For £248,500 less, it was possible to buy the silks his jockey wore in the Irish 2000 Guineas. Both sets brought an auctioneer’s estimate of £2,000 to £3,000. Sakhee’s sold for £1,600 and Dubawi’s for £1,500. As with the vendors, buyers at the Graham Budd Auction remain anonymous, so there is no knowing, publicly at least, where the Godolphin silks will appear next. The same goes for a veritable treasure trove of 60 items that Lester Piggott decided he no longer wanted to give house room to. Seeking publicity for the sale, the auctioneer had no hesitation in ascribing the collection to Piggott himself. One lot had belonged to his grandfather Ernie Piggott, the jockey’s trophy for winning the 1919 Grand National on Poethlyn, which made exactly the lower mark of the auctioneer’s estimate of £8,000. Another was the trophy presented to his father Keith Piggott on winning the 1963 Grand National with Ayala, which failed to make the bottom end of the estimate of between £8,000 and £10,000, at £7,500, which may have Ayala’s jockey, Abu Dhabi supremo Pat Buckley, polishing his own trophy in anticipation. The rest of the Lester Piggott collection was extremely personal. It ranged from winning race and commemorative trophies to seasonal and lifetime awards, with one or two apparent fripperies thrown in. Unlike his grandfather’s and father’s trophies, the top end of his awards sold better than expected.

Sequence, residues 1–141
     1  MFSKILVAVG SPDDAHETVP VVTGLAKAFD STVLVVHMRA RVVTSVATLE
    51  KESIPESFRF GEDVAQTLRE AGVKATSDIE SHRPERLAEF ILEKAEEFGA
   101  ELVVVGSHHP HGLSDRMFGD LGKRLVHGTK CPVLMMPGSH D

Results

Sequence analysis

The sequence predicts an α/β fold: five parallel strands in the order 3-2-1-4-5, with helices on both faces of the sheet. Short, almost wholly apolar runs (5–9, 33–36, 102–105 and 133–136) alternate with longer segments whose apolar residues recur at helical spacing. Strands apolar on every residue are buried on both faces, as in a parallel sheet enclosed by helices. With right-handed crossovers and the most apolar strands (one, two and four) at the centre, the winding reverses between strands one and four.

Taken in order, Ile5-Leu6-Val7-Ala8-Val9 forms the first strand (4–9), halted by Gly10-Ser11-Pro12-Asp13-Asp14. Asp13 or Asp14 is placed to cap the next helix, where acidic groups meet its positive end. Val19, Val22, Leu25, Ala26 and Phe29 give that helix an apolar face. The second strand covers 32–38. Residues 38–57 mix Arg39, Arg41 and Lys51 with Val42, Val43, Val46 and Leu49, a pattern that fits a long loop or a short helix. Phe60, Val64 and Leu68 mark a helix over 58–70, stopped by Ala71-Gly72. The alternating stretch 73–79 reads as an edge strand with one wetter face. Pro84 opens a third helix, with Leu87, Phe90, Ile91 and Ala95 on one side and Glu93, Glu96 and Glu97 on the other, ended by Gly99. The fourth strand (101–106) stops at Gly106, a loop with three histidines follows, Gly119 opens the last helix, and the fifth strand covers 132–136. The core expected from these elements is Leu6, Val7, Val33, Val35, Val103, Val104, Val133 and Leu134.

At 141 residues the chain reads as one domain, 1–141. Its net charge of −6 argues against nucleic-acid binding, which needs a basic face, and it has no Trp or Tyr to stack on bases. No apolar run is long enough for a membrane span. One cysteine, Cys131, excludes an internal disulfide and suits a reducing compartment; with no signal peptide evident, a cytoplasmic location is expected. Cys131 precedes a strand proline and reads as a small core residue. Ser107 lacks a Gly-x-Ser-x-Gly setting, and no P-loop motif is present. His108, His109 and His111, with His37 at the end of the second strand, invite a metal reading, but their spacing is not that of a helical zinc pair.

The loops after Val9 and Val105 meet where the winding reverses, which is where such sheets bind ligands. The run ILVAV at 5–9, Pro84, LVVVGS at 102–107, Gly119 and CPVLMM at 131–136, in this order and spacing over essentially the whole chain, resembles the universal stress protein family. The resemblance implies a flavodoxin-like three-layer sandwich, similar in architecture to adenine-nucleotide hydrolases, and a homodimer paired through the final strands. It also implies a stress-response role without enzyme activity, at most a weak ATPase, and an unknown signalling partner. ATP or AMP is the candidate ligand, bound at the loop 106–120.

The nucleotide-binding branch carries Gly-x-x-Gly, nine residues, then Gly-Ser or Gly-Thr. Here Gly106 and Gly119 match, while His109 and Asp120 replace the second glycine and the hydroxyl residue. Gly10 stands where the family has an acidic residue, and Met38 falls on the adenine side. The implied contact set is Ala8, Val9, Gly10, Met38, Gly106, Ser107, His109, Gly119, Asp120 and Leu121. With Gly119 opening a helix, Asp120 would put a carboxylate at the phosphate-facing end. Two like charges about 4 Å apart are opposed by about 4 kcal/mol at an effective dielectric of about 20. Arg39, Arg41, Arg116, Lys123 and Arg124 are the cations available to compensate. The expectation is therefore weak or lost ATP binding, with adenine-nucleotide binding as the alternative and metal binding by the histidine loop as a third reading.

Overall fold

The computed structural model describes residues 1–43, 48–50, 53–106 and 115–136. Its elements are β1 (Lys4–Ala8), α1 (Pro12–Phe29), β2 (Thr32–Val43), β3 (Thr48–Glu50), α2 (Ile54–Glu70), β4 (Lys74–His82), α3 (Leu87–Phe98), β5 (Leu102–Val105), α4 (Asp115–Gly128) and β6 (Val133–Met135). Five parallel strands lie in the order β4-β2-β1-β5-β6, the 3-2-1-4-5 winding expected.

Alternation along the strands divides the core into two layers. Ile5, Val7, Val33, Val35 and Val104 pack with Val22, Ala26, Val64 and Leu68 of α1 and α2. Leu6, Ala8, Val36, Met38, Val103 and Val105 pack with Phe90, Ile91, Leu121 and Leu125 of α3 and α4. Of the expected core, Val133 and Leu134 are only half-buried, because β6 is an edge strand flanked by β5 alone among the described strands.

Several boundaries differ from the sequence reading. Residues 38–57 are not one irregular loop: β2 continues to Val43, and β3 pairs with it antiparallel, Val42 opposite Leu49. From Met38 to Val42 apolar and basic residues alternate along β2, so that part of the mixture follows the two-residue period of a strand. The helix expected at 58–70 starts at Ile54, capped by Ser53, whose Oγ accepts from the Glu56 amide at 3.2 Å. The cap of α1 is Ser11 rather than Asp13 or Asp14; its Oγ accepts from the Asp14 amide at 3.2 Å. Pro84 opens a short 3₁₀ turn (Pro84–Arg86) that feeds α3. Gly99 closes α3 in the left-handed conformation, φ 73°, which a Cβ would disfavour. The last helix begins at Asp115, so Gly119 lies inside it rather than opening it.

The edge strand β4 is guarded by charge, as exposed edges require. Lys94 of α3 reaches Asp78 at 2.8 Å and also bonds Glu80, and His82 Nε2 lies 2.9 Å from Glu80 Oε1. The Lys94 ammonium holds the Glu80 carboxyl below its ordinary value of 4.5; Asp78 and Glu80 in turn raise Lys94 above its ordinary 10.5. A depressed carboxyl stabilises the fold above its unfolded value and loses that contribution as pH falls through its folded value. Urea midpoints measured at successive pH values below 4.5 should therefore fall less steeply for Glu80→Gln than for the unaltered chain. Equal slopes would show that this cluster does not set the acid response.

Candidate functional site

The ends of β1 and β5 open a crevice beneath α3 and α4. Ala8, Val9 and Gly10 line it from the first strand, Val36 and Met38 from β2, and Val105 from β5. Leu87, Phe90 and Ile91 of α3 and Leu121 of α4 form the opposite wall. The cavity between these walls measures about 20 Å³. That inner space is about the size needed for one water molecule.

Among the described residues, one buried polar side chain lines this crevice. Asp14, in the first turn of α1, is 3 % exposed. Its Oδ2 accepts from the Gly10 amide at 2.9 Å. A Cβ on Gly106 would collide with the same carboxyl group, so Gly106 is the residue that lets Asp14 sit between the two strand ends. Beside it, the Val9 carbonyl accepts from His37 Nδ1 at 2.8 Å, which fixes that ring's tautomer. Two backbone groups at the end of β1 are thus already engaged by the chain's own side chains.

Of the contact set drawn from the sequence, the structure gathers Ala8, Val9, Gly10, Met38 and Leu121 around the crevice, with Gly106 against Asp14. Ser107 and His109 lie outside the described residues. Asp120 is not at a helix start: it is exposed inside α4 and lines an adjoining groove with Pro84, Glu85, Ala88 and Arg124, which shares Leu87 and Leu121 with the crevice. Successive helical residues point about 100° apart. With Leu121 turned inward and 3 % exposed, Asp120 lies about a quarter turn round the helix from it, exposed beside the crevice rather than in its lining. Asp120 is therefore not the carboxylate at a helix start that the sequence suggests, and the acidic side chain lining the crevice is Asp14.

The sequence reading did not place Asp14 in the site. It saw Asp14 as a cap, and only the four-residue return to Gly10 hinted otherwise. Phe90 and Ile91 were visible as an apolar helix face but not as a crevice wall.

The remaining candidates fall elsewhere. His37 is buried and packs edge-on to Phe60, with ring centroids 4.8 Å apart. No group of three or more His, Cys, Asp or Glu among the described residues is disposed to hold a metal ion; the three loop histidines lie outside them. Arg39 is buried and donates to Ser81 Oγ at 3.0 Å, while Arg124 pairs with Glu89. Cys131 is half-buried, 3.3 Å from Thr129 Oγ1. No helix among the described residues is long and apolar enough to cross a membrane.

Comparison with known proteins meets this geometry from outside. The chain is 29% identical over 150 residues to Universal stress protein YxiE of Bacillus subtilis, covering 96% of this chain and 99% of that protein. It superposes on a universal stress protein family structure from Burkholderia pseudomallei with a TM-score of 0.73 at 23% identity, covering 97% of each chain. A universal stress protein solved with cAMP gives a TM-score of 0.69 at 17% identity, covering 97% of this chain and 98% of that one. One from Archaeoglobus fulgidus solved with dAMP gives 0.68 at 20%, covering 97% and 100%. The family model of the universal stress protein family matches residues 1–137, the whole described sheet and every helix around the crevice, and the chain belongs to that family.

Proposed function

Two of his nine Derby trophies came on the market, the second and third, both with estimates of £5,000 to £7,000. The 1957 trophy won on Crepello fetched £20,000, while the 1960 trophy won by St Paddy made £17,000. The Lester connection was the premium, as it was with a couple of lots that far outstayed their estimate. A maroon silk jockey cap, presented to Piggott when he rode in an international competition involving eight top riders, including Willie Shoemaker, Steve Cauthen, Willie Carson and Pat Eddery, at Sandown in 1982, had an estimate of £100 to £150. It made £850. And the trophy Piggott collected for winning the Devizes Donkey Derby in 1955, which had an estimate of £80 to £120, went for £550, prompting auctioneer Budd to exclaim: “That must be a world record for a Donkey Derby trophy!” Someone somewhere will be proudly displaying the twin handled silver cup, standing 12cm high, on their mantlepiece. I hope they get as much pleasure from the acquisition as will the Yorkshireman who successfully bid for two pottery mugs commemorating the centenary of the St Leger in 1876. The successful commission bidder had been searching the pair for some time. I just hope they are safely stowed in the auctioneer’s strong room when I come out of lockdown and head off to collect them.